Leading theologian admits hermeneutic of continuity is just an Orwellian facade

"The Church does the opposite of the used car dealer"
Popes often push through innovations by passing off the new as the old, says theologian Michael Seewald. How come? And can politics possibly learn something from this?

We live in times that give us a lot of headaches. That's why we ask in the series "What are you thinking about right now?" leading scientists and voices in public life what they currently think is worth considering. The questions are asked by Maja Beckers, Andrea Böhm, Christiane Grefe, Nils Markwardt, Peter Neumann, Elisabeth von Thadden, Lars Weisbrod or Xifan Yang. Today the theologian Michael Seewald answers.

ZEIT ONLINE: Michael Seewald, what are you thinking about right now?

Michael Seewald: About dogmas and their problems: How has official Christian teaching changed over time? For what reasons did she do this? What mechanisms were at work?

Michael Seewald is a professor of dogmatics and the history of dogmas at the University of Münster. In 2018 he published the book "Dogma in Transition" (Herder). Most recently he published "Theories of doctrinal development in the Catholic Church" (Cambridge University Press, 2023).

ZEIT ONLINE: In an essay in the latest issue of the journal for the history of ideas, you took a look at a certain type of these change mechanisms. It's about "concealment of innovation" and the "construction of continuity facades". What does that mean?

Seewald: A dogma is a teaching that claims to be highly binding. Normativity and temporality enter into a strange liaison. In the dogmatic "That's the way it is" there is also a "That's the way it should stay". Now, however, the history of dogmas shows that "that's how it is" and "that's how it should stay" are only loosely related to each other. Since there is no provision for changing or even correcting the dogma in the dogma itself, continuity facades are erected. In other words, an attempt is made to give the impression that, in principle, everything will always remain the same. And if something does change, it is often presented in a harmonising way. According to the motto: It is only about organic developments, but not about corrections. The discrepancy between what dogma says should be and what actually is embarrasses the Pope and the ecclesiastical doctrinal machinery. They are therefore trying to give the appearance of continuity. And certain techniques have been developed to do this.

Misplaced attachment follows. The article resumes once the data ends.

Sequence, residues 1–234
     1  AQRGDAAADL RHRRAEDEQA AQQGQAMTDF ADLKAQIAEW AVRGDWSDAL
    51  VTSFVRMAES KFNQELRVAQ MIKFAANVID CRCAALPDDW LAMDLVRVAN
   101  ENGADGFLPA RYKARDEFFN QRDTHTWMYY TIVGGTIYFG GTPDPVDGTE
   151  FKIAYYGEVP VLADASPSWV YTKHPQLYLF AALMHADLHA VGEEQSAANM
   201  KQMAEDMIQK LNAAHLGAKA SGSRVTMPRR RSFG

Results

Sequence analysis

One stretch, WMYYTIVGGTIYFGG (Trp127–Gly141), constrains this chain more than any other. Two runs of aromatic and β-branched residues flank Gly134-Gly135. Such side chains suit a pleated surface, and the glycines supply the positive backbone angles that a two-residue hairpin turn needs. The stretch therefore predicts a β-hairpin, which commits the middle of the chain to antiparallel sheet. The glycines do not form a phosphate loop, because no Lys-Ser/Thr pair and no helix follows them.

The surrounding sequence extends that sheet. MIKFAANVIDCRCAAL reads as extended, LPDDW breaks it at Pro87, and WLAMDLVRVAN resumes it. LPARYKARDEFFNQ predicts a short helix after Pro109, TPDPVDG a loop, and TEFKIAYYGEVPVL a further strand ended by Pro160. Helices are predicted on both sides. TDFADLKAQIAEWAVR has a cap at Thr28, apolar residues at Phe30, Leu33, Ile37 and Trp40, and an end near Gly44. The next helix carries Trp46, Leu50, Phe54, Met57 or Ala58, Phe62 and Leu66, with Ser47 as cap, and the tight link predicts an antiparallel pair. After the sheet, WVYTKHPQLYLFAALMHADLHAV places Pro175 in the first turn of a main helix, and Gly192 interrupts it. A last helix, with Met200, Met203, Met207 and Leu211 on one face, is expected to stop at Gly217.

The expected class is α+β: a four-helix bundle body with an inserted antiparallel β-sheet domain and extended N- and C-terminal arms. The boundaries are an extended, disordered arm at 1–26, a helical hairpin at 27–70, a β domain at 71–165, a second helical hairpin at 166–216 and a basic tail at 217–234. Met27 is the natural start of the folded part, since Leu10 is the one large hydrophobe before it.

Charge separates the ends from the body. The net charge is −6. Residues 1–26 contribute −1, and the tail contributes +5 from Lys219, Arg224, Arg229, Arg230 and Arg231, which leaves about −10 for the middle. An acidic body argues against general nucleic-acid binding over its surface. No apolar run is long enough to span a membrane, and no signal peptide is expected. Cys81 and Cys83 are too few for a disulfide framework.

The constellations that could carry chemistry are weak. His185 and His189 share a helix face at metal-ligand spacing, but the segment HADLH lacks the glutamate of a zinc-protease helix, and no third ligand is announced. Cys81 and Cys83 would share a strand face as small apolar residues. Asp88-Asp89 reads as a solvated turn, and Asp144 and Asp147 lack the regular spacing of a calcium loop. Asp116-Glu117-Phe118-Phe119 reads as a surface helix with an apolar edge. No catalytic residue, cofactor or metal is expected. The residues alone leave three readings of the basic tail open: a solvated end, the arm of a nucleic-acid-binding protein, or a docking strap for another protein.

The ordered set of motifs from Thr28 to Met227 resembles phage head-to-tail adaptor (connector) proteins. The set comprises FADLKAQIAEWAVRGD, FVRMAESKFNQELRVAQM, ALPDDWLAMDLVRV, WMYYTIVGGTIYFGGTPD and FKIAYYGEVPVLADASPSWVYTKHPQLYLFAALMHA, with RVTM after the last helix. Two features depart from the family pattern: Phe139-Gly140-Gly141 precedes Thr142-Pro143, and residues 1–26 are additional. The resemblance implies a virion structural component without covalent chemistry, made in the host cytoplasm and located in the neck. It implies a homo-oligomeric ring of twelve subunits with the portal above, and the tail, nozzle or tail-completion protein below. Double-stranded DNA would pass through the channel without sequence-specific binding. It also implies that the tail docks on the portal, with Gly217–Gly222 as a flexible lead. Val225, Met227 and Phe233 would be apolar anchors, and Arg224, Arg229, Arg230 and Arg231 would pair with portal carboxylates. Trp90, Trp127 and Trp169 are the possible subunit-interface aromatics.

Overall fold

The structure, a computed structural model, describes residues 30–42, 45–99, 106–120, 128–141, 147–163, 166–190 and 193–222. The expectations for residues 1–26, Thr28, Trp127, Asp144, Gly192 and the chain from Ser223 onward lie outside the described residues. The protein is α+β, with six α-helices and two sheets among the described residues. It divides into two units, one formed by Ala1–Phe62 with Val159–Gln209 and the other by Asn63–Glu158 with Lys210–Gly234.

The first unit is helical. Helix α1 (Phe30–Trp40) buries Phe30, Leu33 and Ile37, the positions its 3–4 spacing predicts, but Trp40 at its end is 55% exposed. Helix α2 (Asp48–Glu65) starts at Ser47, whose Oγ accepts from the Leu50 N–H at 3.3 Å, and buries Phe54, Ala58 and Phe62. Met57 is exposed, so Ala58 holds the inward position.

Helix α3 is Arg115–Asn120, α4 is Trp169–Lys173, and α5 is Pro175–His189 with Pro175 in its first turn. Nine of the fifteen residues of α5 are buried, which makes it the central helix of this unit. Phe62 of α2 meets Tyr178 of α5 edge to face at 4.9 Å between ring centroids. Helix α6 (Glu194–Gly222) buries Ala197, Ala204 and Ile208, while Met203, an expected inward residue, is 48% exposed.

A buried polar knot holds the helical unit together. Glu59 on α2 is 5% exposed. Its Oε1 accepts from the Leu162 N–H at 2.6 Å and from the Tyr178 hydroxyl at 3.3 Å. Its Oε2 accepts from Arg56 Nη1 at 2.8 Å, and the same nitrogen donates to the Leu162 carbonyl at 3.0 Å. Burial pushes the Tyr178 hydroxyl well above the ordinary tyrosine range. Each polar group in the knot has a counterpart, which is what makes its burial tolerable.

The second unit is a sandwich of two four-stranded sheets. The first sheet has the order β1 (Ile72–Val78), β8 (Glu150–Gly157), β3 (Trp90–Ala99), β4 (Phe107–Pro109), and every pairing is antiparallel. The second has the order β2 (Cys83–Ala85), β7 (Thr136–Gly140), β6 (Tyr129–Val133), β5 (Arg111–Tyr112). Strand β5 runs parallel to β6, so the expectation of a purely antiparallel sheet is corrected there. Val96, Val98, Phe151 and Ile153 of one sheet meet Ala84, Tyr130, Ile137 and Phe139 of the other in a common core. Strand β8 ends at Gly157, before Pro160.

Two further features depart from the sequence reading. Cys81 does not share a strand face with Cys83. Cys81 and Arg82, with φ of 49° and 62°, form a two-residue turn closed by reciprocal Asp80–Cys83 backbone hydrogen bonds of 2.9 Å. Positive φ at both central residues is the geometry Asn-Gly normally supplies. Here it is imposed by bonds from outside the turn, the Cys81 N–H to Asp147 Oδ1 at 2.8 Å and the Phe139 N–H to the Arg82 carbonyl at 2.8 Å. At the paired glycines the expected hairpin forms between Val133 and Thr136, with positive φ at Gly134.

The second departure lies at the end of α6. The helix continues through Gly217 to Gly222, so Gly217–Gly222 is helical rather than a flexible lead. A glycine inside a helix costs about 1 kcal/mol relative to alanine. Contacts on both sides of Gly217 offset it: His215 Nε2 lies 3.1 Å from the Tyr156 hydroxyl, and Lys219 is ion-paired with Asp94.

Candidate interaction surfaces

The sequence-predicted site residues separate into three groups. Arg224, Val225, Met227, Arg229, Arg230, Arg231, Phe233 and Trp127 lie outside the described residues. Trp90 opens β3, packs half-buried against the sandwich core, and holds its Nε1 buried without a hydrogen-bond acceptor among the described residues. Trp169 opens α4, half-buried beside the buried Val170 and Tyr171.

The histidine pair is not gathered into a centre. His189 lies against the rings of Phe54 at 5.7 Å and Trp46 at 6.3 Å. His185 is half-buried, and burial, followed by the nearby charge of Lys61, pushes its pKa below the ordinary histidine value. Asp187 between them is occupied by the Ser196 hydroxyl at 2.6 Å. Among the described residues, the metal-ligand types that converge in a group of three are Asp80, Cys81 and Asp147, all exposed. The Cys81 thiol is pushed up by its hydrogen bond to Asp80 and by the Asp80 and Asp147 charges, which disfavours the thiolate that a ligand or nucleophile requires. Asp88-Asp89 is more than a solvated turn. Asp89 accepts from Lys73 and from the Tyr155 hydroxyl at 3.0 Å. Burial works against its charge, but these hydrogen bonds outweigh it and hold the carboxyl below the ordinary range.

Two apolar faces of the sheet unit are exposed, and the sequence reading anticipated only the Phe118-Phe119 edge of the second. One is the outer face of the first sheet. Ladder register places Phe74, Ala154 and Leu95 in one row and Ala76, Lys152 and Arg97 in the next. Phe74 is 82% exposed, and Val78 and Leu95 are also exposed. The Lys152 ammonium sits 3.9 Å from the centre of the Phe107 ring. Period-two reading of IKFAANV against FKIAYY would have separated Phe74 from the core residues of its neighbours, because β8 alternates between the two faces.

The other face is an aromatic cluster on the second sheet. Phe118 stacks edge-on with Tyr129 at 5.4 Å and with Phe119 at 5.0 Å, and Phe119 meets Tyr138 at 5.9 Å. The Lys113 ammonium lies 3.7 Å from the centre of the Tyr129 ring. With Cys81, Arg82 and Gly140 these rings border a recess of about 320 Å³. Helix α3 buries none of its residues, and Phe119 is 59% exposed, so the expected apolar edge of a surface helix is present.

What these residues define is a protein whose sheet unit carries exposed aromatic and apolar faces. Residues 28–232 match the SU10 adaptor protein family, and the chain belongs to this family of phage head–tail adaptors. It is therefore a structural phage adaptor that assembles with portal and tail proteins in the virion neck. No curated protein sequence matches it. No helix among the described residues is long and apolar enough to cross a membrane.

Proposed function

ZEIT ONLINE: What would be a historical example of this?

Seewald: About the attitude of the Catholic Church to freedom of religion and conscience. Pope Gregory XVI considered human rights "madness" and freedom of conscience a "plague-like error". That was in the 19th century. In the course of the 1950s, a tendency towards change slowly became apparent. At the Second Vatican Council, which took place from 1962 to 1965, the Pope and Bishops suddenly showed themselves to be big fans of freedom of religion and conscience. They taught that this freedom follows from the dignity of the human person and is in full harmony with revelation. If one reads the relevant document of the Council, one gets the impression that religious freedom is actually an invention of the Church. The fact that this freedom was enforced not because of the church, but in spite of it, is not discussed. A U-turn was achieved but at the same time continuity in questions of teaching was demanded.